About the American Red Cross:The American Red Cross shelters, feeds and provides emotional support to victims of disasters; supplies nearly half of the nation’s blood; teaches lifesaving skills; provides international humanitarian aid; and supports military members and their families. The Red Cross is a charitable organization — not a government agency — and depends on volunteers and the generosity of the American public to perform its mission. For more information, please visit www.redcross.org or join our blog at http://blog.redcross.org.

We are Back…. Firefighter’s Bucket Brigade: July 13

The Firefighter’s Bucket Brigade is back! This is our 3rd year the American Red Cross Disaster Volunteers and local firefighters and emergency workers have teamed up to support the American Red Cross. The Bucket Brigade raises vital funds to support Red Cross disaster relief and preparedness activities in Northeast Wisconsin. Last year, more than $18,000 was collected in our red buckets.      

On Friday, July 13 from 4:00pm-7:00pm local firefighters and American Red Cross disaster volunteers will be collecting donations in their red buckets at various high-traffic, high-visibility locations such as grocery stores, gas stations and retail stores.

This fundraiser highlights our partnership with local fire departments and how both groups work together to provide help and hope to disaster victims. Red Cross disaster preparedness materials will be distributed to the public, and fire trucks and firefighting equipment will be on display at collection sites.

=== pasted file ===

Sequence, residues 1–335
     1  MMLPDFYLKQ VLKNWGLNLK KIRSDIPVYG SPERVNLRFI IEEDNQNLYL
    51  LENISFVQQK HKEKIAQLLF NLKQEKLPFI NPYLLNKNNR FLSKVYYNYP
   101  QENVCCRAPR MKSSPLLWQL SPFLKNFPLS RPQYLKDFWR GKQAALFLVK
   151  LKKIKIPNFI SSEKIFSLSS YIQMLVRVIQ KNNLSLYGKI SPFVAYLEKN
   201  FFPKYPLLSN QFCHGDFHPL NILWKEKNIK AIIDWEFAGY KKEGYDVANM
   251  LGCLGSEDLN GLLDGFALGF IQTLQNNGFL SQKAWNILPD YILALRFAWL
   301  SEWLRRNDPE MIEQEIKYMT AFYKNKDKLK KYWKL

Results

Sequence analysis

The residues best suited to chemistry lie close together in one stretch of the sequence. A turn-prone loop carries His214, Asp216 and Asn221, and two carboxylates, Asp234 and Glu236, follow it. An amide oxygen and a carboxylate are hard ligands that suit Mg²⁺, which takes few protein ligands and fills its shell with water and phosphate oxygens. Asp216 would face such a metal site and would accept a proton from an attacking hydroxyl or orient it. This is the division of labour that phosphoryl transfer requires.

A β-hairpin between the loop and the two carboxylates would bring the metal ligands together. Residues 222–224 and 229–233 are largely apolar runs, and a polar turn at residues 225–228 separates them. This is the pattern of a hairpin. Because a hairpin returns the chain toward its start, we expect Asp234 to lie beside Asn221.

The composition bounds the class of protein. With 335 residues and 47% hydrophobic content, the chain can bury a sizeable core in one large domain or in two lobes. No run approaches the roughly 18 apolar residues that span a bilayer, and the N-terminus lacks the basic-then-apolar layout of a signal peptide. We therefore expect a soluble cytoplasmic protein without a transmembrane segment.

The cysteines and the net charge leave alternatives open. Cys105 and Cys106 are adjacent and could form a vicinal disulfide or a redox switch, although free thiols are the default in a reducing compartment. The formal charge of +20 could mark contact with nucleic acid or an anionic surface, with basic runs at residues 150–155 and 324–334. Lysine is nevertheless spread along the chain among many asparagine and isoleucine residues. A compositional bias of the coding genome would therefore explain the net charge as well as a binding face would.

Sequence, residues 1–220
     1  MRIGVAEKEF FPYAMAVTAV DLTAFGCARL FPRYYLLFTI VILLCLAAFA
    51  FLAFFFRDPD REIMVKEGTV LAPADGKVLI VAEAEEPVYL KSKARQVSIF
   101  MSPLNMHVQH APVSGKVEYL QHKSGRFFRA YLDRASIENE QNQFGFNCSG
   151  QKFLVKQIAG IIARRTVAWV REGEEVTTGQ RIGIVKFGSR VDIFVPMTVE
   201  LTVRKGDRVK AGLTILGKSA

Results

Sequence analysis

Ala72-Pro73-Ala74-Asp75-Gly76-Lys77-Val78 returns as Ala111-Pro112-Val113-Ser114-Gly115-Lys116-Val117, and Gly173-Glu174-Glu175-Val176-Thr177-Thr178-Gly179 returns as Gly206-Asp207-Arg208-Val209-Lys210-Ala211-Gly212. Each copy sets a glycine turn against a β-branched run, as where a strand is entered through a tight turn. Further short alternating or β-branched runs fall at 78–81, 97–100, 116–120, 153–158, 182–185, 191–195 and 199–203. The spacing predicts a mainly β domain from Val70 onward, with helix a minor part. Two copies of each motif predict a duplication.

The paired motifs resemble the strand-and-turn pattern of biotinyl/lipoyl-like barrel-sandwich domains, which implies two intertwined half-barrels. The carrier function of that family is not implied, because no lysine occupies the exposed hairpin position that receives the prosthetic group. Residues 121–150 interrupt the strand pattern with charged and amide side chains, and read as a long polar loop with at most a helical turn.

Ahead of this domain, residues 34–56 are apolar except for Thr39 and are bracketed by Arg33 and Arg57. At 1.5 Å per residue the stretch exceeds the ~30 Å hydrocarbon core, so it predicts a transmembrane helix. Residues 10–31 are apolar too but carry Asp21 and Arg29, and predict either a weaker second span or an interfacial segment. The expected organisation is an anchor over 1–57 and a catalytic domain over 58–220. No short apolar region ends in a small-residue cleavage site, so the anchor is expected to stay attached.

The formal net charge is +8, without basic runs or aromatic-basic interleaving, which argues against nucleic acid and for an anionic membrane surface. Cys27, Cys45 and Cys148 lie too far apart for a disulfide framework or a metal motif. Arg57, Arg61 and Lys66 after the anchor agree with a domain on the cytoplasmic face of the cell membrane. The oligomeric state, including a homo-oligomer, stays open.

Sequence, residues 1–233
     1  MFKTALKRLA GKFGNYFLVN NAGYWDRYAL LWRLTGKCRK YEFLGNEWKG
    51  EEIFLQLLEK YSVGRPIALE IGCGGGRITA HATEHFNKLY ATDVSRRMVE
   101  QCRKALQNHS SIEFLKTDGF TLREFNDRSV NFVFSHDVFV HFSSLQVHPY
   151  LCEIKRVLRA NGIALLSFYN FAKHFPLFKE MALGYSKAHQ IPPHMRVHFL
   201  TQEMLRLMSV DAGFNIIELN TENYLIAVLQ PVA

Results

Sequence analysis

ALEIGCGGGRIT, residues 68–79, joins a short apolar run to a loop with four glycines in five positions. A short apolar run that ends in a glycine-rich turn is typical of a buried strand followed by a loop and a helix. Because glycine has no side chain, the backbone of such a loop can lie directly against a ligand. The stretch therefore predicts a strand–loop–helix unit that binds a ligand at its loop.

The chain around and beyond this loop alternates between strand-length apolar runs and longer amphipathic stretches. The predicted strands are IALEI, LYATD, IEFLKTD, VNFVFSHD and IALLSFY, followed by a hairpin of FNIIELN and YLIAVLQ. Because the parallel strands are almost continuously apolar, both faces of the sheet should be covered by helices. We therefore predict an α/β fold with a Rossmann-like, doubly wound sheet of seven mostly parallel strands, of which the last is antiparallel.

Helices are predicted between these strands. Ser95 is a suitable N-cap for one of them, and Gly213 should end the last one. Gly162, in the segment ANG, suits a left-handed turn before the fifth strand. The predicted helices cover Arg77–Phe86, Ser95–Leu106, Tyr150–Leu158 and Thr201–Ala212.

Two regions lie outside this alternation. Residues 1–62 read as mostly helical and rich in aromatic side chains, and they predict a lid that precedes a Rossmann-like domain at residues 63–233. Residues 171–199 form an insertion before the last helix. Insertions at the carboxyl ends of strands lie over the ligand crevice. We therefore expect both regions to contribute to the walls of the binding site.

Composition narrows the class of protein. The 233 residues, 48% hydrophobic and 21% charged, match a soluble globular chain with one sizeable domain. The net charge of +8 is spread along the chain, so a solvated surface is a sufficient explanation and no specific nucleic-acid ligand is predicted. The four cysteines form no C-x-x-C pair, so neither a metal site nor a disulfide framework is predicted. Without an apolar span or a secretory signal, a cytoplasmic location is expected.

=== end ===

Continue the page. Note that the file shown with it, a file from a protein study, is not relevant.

We have 14 participating locations in six Northeast Wisconsin counties. This year’s participants include:

 Ashwaubenon:

Kwik Trip

871 Hansen Road

Bellevue:

Festival Foods

2534 Steffens Court, Green Bay

Green Bay East:

Copps Food Center

1819 Main Street, Green Bay

Green Bay West:

Festival Foods

2250 West Mason Street

 Suamico:

Festival Foods

2348 Lineville Road

 Pulaski:

Super Ron’s

960 County Road B

Abrams:

Abrams Shell Station

County D and Sampson Road

Abrams BP Station

2531 East Frontage Road

       Appleton:          

Festival Foods

1200 W. Northland Avenue

Grand Chute:

Copps Food Center

2400 W. Wisconsin Avenue

 Greenville:

The Meat Block &

The Stone Yard

N1739 Lily of the Valley Drive

Kimberly:

Pick N Save

850 East Maes Avenue

Sheboygan:

Festival Foods

595 S. Taylor Drive

Kiel:

                                                                    Piggly Wiggly

                                                              80 E. Park Avenue

Red Cross Mobile Apps

The official American Red Cross First Aid app puts expert advice for everyday emergencies in your hand.

Available for iPhone and Android devices, the official American Red Cross First Aid app gives you instant access to the information you need to know to handle the most common first aid emergencies. With videos, interactive quizzes and simple step-by-step advice it’s never been easier to know first aid.

Features:

  • Simple step-by-step instructions guide you through everyday first aid scenarios.
  • Fully integrated with 911 so you can call EMS from the app at any time.
  • Videos and animations make learning first aid fun and easy.
  • Safety tips for everything, from severe winter weather to hurricanes, earthquakes and tornadoes help you prepare for emergencies.
  • Preloaded content means you have instant access to all safety information at anytime, even without reception or an Internet connection.
  • Interactive quizzes allow you to earn badges that you can share with your friends and show off your lifesaving knowledge.